Our predictions: England, as in 2008 will likely reign supreme in cycling for both the men and
women's sides. Despite this, we think the U.S. has a good shot at gold for both genders in the
Athletes to watch: American David Boudia won the silver in the 10 meter platform at worlds last year, becoming the first American to medal in the event since 1986. Paola Espinosa of Mexico will look to medal in the 10 meter platform after she was Mexico's flag bearer in the 2008 games.
Our predictions: The Chinese are simply too good and they sweep the event, winning every gold medal and a couple silver and bronzes.
Last time: The German equestrians came out on top in Beijing, placing first in team dressage, team eventing and individual eventing. The U.S. received one medal for first, second and third place in varying equestrian events.
Athletes to watch: Steffen Peters is a veteran equestrian who has received top honors for his prior competitions in dressage, while Rich Fellers was the first American in a quarter of a century to place first in the World Equestrian games. Karen O'Connor has had plenty of experience with five Olympics already under her belt, and is expected to make a good showing for the U.S. in competition.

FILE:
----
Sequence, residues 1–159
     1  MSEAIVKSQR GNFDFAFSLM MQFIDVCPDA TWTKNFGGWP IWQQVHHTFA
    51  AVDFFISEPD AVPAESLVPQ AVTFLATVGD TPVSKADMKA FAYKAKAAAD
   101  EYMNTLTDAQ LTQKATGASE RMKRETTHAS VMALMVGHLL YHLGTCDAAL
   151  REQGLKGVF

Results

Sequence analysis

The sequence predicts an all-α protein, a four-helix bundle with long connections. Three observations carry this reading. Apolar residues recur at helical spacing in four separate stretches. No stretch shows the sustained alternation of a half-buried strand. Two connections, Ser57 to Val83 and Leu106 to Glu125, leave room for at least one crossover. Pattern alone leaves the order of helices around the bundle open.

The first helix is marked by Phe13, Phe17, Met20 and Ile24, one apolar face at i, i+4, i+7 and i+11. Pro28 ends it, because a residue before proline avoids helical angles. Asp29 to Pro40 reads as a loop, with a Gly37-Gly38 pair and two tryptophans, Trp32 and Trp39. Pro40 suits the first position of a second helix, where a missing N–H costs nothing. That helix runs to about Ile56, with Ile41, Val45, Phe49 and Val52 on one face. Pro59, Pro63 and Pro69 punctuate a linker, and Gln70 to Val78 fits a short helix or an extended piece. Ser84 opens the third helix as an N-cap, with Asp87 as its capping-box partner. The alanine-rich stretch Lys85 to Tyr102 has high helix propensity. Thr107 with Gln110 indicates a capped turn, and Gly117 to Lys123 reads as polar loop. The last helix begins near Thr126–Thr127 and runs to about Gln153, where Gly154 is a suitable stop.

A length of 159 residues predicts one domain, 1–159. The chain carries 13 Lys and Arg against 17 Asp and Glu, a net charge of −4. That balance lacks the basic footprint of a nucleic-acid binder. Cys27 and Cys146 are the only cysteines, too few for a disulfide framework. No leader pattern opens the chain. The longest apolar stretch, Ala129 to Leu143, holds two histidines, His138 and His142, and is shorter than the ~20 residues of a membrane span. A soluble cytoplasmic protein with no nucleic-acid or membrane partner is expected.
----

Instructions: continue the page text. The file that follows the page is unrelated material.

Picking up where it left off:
Our predictions: The U.S. has a solid foundation for what could potentially be a gold medaling team, though Germany and Canada also have very skillful equestrians on their sides.
Last time: On the men's side the French won gold in both team events while the Americans pulled out a silver in team sabre. For the women the Americans won gold, silver and bronze in the individual sabre while the Russians took gold in the team foil event.
Athletes to watch: Italian woman Valentine Vezzali is attempting to become the fourth athlete ever to win the same individual event at four straight games. Eighteen year old Lee Keifer who won bronze at worlds last year attempts to make it back on to the podium in individual foil.
Our predictions: The Italian men, holders of the top three spots in the world rankings, take the event by storm while Vezzali makes history in the individual foil competition.
Last time: Unlike in the U.S. where Field Hockey is almost exclusively female, the rest of the world has participants of both genders. The women's winner was the Netherlands while Germany came away victorious for the men.